Bronte’s novel about a shy, quiet governess who becomes a tutor in a great house and falls in love with its lonely and mysterious master is one of the great classics of English literature. Unique in its attention to the thoughts and feelings of a female protagonist, Jane Eyre was ahead of its time as a proto-feminist text. When it was published in 1847, however, Bronte was attacked by critics for what they felt was anti-Christian sentiment in her unflinching critique of the oppressions of Victorian society.
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Charlotte Brontë’s romantic gothic novel, featuring one of literature’s most memorable heroines. With her 1847 novel, Jane Eyre, Charlotte Brontë created one of the most unforgettable heroines of all time. Jane Eyre is an orphan, penniless and plain, but full of courage and spirit. She has endured incredible hardship to secure her humble status as a governess in the household of her brooding employer, Mr. Rochester. Jane’s sharp wit and defiant nature meet with Rochester’s sardonic temperament. The two become enmeshed in a deep, intense bond. But Rochester has a terrible secret—a remnant from his past that could threaten any hope of happiness with his only love. An unconventional love story that broadened the scope of romantic fiction, Jane Eyre is ultimately the tale of one woman’s fight to claim her independence and self-respect in a society that has no place for her. With an Introduction by Erica Jong and an Afterword by Marcelle Clements From the Paperback edition.
Jane Eyre, the story of a young girl and her passage into adulthood, was an immediate commercial success at the time of its original publication in 1847. Its representation of the underside of domestic life and the hypocrisy behind religious enthusiasm drew both praise and bitter criticism, while Charlotte Brontë’s striking expose of poor living conditions for children in charity schools as well as her poignant portrayal of the limitations faced by women who worked as governesses sparked great controversy and social debate. Jane Eyre, Brontë’s best-known novel, remains an extraordinary coming-of-age narrative, and one of the great classics of literature.
A Victorian governess's love for her mysterious employer is threatened by the tragic secret of his mansion
Seminar paper from the year 2006 in the subject English Language and Literature Studies - Literature, grade: 1,2, University of Duisburg-Essen (Department of Anglophone Studies), course: 19th century novels, language: English, abstract: 1. Introduction 1.1 Preface Charlotte Bronte's Jane Eyre has often been described as a gothic novel, but the type of fantasy which is more obviously responsible for its plot structure and character development is the fairy tale."1 When I read Jane Eyre I just couldn't help myself but feeling that some aspects of the story seemed strangely familiar. A poor orphan girl that has to live with two unpleasant sisters and a wealthy but cruel aunt and suffers from domestic violence. This very beginning of Jane Eyre of course resembles the universally known fairy tale Cinderella and it seems that this is not the only reference to a fairy tale within Charlotte Bronte's novel. Traces of Beauty and the Beast can be found as well as other significant fairy tale elements. The purpose of this term paper is to reveal some of the fairy tale elements to be found in Jane Eyre and to discuss if the novel as a whole can be understood as some sort of modern fairy tale."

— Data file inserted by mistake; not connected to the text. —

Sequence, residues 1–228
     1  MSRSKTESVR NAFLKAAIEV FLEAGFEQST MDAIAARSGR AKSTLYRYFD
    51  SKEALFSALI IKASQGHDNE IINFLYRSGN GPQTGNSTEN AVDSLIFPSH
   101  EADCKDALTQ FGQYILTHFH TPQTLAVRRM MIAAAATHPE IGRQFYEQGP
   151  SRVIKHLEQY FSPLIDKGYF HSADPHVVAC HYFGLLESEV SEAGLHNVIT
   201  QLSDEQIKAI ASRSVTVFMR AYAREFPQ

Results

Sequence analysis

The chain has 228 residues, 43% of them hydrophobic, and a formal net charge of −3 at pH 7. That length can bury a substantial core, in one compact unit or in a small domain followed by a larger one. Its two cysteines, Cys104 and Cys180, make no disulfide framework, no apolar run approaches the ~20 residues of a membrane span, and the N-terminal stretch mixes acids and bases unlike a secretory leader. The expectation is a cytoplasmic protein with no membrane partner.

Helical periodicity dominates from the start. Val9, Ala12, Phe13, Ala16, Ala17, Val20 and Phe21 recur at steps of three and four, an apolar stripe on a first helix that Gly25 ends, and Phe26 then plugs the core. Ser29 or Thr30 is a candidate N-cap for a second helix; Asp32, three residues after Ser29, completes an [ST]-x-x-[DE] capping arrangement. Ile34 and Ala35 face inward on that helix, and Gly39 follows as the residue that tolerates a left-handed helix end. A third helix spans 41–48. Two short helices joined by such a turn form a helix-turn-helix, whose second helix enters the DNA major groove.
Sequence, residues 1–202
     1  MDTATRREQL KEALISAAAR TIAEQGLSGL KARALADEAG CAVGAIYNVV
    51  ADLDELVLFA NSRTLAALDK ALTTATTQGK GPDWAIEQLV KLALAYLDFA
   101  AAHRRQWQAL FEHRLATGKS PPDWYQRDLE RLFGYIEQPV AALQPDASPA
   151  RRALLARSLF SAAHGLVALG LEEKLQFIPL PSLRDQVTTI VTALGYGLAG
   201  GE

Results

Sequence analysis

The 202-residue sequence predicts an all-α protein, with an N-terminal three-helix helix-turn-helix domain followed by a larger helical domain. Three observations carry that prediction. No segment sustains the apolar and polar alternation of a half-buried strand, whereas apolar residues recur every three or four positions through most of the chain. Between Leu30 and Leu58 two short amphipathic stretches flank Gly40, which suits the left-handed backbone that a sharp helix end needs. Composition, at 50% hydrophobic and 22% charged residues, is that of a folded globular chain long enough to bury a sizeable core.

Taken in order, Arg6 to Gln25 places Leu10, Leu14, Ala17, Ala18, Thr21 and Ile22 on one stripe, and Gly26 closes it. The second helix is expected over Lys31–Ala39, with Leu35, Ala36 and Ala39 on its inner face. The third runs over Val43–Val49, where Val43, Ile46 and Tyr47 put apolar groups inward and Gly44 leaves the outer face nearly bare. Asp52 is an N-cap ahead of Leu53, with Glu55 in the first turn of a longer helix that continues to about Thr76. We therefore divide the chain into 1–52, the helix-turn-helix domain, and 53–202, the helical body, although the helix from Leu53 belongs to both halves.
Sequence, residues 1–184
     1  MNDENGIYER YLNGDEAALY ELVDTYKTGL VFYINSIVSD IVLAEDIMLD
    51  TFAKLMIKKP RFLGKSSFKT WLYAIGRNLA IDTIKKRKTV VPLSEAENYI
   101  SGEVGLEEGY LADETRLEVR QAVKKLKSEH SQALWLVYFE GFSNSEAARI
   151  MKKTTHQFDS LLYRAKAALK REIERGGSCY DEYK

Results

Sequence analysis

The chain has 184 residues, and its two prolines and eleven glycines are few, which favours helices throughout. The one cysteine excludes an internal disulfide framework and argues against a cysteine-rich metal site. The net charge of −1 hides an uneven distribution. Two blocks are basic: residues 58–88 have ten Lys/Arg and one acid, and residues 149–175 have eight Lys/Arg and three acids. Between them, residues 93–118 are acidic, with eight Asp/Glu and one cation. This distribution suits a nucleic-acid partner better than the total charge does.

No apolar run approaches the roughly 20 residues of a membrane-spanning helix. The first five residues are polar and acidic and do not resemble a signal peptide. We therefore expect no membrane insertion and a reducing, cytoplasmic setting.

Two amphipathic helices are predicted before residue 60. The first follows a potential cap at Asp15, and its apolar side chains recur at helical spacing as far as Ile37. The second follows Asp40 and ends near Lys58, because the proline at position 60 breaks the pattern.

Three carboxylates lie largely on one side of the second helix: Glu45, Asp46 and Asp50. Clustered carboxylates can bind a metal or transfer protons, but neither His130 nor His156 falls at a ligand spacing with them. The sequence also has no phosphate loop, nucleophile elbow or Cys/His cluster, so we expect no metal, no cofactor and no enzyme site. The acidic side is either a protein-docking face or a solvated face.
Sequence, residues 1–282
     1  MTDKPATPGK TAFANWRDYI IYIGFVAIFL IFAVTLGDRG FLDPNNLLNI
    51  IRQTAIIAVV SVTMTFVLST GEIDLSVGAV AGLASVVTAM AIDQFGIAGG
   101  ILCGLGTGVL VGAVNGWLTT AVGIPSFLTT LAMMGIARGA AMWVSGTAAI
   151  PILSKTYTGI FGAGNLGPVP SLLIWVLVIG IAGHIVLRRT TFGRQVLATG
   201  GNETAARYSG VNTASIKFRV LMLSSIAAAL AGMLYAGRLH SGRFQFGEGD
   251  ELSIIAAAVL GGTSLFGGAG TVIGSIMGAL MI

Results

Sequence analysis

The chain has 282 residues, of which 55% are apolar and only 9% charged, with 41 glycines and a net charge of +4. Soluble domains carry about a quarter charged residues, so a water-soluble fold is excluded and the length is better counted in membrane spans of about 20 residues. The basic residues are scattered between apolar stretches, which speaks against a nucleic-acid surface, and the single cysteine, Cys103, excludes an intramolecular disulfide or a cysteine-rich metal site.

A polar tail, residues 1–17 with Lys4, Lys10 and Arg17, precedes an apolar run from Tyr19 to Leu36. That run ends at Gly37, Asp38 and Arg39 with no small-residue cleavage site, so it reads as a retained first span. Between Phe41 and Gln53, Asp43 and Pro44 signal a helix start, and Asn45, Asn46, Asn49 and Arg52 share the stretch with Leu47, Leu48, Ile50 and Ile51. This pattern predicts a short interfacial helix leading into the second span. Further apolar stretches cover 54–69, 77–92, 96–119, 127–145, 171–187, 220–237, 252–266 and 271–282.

A Victorian classic, Brontë's story about a strong yet poor woman forging her path through life in the English countryside is firmly established in the literary canon. Part romance, part mystery, part Gothic tale, this novel possesses not only a page-turn
Jane Eyre is one of the most well-loved and widely read works in the canon, popular at both the high school and university levels. The casebook provides a series of essays that are lucidly and passionately written, and carefully researched and argued while still being accessible to the general reading public. The anthology is structured in three sections. The first provides three overall interpretations of the novel that are excellent examples of the most common approach to Jane Eyre: a reading that explores the psychological development of the novel's eponymous heroine. The second section will introduce more novel approaches: a feminist reading of the novel, a depiction of the psyche in Jane Eyre, a depiction of Jane in light of mid-Victorian discussions of Evangelicism, an analysis of Jane in relation to contemporary debates about the governess, and an examination of the novel in relation to colonialist discourse. The last section of the anthology includes essays that provide accounts of the familial context out of which Jane Eyre arose, its critical reception, and its literary afterlife.
This classic tale is retold in simple text and illustrations to appeal to the reluctant, lower-level reader. Saddleback Classics.
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